The app creates an online experience for the Australian public that brings Census data to life making it interesting, fun and interactive. The original Spotlight app proved to be a great success, receiving over 15 national and international awards.

Check out Spotlight 2.0 at http://spotlight.abs.gov.au/.


The Australian Bureau of Statistics (ABS) has launched an interactive and innovative game that promotes the release and application of Census data. Run That Town is the first game of its kind to be released by a national statistical agency using real Census data.

Run That Town puts the player in charge of any Australian neighbourhood and challenges them to make planning decisions based on 2011 Census data to boost popularity, grow the town and keep the locals happy.

Sue Taylor, Director in the 2016 Census, said by using core demographic data, the game demonstrates, in a simple and visual way, the many ways Census data can be used by everyday Australians in a light-hearted and entertaining way.

“Run That Town offers a unique insight into how Census data can be used. The game is an innovative and fun way to communicate with the public, while embracing digital media.”

“Run That Town is a strategy game with a twist that is intended for a wide audience offering both one-time and ongoing users a unique insight into the value of Census data.” Ms Taylor said.

Run That Town can be downloaded for free from the App Store and played on all current Apple devices.

“I encourage people to download the game, take control of any Australian suburb and shape it the way you want by using real Census data and see how your decisions affect your town’s demographics.”

For more information visit http://runthattown.abs.gov.au/.

Planning for the 2016 Census of Population and Housing is underway

The ABS has released a publication proposing directions for Australia's 17th national Census, to be held in 2016.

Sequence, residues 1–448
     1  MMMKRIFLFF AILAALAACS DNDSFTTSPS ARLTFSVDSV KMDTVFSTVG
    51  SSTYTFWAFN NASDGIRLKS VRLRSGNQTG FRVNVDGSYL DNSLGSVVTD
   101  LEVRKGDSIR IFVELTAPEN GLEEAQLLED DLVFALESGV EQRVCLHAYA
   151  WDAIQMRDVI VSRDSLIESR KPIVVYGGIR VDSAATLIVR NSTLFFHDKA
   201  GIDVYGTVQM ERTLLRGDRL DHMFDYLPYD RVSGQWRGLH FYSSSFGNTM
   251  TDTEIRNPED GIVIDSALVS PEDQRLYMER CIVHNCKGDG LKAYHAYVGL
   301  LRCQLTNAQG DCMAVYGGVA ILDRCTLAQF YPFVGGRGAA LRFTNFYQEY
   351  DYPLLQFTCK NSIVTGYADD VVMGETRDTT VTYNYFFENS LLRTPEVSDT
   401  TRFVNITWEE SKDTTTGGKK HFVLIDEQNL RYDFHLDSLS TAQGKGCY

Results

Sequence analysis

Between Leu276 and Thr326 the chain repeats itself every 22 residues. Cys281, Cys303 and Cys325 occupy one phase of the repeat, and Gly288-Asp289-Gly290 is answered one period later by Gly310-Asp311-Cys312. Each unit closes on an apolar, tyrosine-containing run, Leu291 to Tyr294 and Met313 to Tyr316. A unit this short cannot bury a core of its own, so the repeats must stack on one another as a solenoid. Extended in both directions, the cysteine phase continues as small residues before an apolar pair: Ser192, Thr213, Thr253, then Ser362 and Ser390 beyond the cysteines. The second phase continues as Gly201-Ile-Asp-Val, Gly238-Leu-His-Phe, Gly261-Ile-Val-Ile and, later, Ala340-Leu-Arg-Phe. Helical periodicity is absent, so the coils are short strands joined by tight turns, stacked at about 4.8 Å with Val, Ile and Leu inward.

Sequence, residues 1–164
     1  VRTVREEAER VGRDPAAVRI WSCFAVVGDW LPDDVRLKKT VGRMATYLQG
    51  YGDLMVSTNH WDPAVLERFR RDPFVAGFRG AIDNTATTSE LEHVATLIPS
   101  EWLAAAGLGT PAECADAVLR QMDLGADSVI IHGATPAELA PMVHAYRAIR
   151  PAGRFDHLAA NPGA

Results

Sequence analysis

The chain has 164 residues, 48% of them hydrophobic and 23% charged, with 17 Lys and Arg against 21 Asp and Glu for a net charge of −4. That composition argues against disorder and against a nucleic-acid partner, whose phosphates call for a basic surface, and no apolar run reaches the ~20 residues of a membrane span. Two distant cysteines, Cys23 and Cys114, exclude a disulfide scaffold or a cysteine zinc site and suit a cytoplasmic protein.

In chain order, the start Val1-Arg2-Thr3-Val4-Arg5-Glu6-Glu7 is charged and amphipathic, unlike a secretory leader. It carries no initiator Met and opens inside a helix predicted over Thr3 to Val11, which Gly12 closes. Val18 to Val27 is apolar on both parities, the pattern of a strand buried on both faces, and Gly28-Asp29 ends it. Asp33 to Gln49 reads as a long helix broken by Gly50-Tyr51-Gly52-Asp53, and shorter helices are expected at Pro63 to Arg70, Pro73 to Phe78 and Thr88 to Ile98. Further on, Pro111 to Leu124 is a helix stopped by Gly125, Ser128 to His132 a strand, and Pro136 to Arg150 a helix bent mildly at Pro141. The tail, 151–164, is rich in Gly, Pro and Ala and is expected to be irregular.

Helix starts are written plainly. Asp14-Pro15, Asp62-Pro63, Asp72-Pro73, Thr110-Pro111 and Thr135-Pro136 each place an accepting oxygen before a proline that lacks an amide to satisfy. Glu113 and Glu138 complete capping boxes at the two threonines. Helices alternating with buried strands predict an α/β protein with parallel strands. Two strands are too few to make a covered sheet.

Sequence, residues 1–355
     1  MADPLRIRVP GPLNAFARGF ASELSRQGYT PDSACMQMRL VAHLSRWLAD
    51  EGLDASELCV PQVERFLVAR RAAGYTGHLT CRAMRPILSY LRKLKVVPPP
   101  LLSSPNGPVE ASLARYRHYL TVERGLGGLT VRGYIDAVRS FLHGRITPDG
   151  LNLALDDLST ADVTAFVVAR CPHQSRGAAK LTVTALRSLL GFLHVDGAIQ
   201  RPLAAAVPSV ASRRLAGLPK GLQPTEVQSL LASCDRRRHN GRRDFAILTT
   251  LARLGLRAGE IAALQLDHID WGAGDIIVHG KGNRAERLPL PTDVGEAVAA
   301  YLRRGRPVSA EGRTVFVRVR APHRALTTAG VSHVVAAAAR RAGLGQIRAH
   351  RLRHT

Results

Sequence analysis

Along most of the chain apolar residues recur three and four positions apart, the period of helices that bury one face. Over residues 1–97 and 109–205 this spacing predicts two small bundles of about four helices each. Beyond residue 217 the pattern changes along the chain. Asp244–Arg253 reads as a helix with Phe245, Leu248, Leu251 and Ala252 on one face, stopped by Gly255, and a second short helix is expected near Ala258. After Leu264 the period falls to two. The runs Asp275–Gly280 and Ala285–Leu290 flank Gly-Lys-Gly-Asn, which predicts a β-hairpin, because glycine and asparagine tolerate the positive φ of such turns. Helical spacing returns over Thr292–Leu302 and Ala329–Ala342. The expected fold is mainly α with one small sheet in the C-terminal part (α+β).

The publication 2016 Census of Population and Housing: Consultation on content and procedures – ABS (cat. no. 2007.0) outlines initial ABS views on topics and procedures for the 2016 Census.

The ABS conducted a consultation process with Census data users and the general public. The consultation process included:
  • public information sessions where the ABS presented proposed directions for 2016. (These were held late 2012).
  • a submission period where interested parties formally submitted their feedback and suggestions to the ABS via an online submission form or email to the ABS. (Submissions were open from November 2012 to 31 May 2013).

The ABS thanks all those who made submissions. The information paper Census of Population and Housing: Submissions Report, 2016 (cat. no. 2007.0.55.001) was released on 26 September 2013. The report summarises the key themes emerging from the public submissions received by the ABS on the proposed content and procedures for the 2016 Census of Population and Housing. It includes a brief overview of the 2016 Census content, public consultation, submission process and privacy disclaimer.

Following assessment of submissions, final recommendations on the nature and content of the 2016 Census will be discussed with the Australian Statistical Advisory Council in late 2013. The ABS will then make a submission to the Government in mid 2014, outlining the recommendations for the 2016 Census. The content of the 2016 Census is expected to be finalised by the end of 2014.


Remaining 2011 release schedule

The third release of Census 2011 data began on 28 March 2013, with products released progressively until the end of 2013. This will finalise all Census data output for the 2011 Census.

September 2013 releases:
Estimates of Aboriginal and Torres Strait Islander Australians, June 2011 (cat. no. 3238.0.55.001)
Census of Population and Housing: Estimated Resident Population DataPack, 2011 (cat. no. 2069.0.30.007)
Census of Population and Housing: Submissions Report, 2016 (cat. no. 2007.0.55.001)

December 2013 releases
Microdata: Census of Population and Housing, Census Sample File (cat. no. 2037.0.30.001)
Microdata: Australian Census Longitudinal Dataset (cat. no. 2080.0)

For more information see the Information Paper: Census of Population and Housing -- Products and Services, 2011 (cat. no. 2011.0.55.001), specifically Chapter 8 and Appendices 10 - 13.